Why some Sikhs differ over the birth-date of Guru Gobind Singh Ji
By Gurnam Singh
13th January 2019

Many Sikhs are split over which calendar they should use to commemorate their historical events, most notably the Gurpurabs or birth dates of the 10 Sikh Gurus.

One school of thought follows the Vikarmi lunar Calendar, where dates vary. The other follows the Nanakshai solar calendar, where dates are fixed.

The supporters of the Vikarmi calendar, which are primarily aligned with the Nirmala orientated Sikhs, emphasise the importance of tradition. They also argue that because Gurbani makes reference to dates based on the Vikarmi calendar, we have no right to reject it.

On the other hand, those advocating the Nanakshai calendar, which was adopted by the SGPC in 2002 but was later revoked, are aligned to the Singh Sabha reform movement. They emphasise the practicality of fixed dates. They also argue that the Nanakshai calendar is an expression of Sikh sovereignty and identity. Last, they claim religious legitimacy by stating it follows the 12 monthly structure that is recorded in the Guru Granth Sahib in the bani of 'Bara Maha'.

The outcome of these divisions is that major events like the birth of Guru Gobind Singh are celebrated on different days.

A significant portion of Sikhs celebrated it on 5th Jan 2019, which is the actual birth date of the Guru according to the Solar calendar.

However, other Sikhs and the Shromani Gurdwara Prabandak Committee (SGPC), which controls many historical Gurdwaras in India including the Darbar Sahib in Amritsar, work from the lunar calendar and record his birth as 22nd Dec 1666. Because of minor shifts this year it falls on 13th January.

The major reason for establishing the Nanakshai Calendar was to get rid of confusion by fixing dates, but because of political and theological differences, the situation is more confused than ever.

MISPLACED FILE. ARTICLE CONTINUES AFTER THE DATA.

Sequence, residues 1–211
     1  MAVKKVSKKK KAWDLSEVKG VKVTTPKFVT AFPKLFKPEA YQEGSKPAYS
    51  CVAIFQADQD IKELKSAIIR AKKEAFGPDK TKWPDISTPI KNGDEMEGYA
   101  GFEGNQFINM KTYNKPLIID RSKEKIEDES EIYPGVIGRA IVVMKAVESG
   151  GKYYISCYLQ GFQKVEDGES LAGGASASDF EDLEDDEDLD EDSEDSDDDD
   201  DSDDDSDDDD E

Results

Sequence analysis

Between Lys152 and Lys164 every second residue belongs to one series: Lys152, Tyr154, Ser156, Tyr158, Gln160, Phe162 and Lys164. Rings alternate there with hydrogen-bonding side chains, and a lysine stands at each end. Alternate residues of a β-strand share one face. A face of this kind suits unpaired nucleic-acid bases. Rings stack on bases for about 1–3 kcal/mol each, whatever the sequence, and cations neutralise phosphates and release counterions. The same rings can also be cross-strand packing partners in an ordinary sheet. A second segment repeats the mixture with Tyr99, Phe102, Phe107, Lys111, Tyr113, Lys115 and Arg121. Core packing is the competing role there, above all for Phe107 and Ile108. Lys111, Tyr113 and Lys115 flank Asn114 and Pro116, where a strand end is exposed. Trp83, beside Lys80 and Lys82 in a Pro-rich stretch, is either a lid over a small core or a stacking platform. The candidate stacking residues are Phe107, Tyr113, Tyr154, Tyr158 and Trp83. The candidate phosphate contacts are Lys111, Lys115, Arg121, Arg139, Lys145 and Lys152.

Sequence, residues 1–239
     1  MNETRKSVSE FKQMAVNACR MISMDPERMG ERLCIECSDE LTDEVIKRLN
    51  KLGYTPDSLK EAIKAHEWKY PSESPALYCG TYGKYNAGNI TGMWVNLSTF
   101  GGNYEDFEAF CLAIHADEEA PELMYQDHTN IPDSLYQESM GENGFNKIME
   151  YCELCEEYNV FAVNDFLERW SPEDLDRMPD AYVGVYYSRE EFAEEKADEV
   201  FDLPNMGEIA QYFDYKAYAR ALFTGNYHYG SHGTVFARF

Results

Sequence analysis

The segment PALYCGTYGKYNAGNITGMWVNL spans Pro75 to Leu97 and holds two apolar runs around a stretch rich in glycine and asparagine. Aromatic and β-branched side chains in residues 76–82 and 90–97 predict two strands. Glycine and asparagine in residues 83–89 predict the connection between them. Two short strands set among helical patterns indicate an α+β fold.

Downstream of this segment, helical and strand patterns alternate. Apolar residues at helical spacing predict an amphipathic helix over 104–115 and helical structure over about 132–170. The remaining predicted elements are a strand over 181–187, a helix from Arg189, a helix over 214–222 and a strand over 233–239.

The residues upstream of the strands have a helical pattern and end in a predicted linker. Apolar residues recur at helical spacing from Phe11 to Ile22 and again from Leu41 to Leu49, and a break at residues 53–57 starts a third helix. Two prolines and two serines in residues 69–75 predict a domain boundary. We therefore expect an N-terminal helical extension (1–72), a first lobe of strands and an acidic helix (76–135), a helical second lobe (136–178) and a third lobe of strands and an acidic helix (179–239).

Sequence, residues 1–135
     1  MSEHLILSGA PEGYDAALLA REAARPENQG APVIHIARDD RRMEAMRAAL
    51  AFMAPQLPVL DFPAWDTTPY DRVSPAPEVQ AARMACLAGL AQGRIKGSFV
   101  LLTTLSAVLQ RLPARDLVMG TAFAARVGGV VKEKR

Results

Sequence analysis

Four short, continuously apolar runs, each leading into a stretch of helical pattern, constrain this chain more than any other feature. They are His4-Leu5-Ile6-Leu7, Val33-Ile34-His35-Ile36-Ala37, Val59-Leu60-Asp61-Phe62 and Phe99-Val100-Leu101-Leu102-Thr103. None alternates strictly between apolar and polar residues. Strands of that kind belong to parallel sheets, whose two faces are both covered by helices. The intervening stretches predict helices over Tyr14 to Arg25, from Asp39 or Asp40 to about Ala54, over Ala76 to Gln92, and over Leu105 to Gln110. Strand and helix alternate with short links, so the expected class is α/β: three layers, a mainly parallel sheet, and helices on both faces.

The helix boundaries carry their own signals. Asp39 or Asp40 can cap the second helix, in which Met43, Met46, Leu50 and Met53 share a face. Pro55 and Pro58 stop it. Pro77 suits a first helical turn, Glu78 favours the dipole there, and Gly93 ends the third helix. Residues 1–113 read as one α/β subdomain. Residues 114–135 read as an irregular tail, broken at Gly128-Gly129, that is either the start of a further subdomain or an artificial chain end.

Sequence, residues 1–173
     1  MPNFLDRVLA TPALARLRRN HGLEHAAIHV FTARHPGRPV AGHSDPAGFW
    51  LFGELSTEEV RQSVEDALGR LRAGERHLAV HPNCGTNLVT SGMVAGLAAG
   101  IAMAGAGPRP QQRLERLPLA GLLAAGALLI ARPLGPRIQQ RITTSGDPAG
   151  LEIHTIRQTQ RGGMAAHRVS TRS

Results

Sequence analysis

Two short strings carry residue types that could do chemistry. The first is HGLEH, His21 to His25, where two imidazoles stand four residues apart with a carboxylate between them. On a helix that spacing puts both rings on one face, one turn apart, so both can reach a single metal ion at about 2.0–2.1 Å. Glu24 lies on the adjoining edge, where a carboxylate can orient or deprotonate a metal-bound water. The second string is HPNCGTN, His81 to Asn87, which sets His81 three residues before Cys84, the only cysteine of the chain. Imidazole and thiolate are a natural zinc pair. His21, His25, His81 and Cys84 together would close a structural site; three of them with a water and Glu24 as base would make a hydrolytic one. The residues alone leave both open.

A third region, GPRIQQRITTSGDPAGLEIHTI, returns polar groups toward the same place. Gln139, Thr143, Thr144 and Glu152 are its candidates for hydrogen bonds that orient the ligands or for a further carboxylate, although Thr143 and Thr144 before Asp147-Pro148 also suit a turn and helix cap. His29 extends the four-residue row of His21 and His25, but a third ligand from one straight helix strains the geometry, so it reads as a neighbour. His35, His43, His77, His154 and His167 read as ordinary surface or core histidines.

Sikhs are not alone in this controversy

Though a neutral observer may feel astonished at why Sikhs are split on such a simple issue, the reality is that calendars have historically been divisive amongst all communities.

In 921/2 AD, a major dispute emerged amongst the Jews of Palestine and Babylon. It took 300 years to resolve.

Even today, though the Julian Gregorian calendar is based on the movements of the Sun and rooted on the birth of Christ (BC Before Christ, AD anno Domini or 'in the year of the lord') is universally recognised, Afghanistan, Iran use the Solar Hijri calnder whereas Ethiopia has its own and Nepal follows the Vikarmi calendar.

I believe we should celebrate the birth of our Gurus everyday and, according to gurmat, no one day is anymore special than any other. The only thing that really counts is the present moment of existence.

And so I say to my brothers and sisters who are celebrating today or last week, Happy Gurpurab. I would also appeal to Sikh intellectuals from both schools of thought to come together and find a solution; there is no other way forward.

Dr Gurnam Singh is Associate Professor of Social Work, Coventry University, UK and a presenter on the Akaal Channel.

AUTHOR: Dr Gurnam Singh is Associate Professor of Social Work, Coventry University, UK and a presenter on the Akaal Channel.
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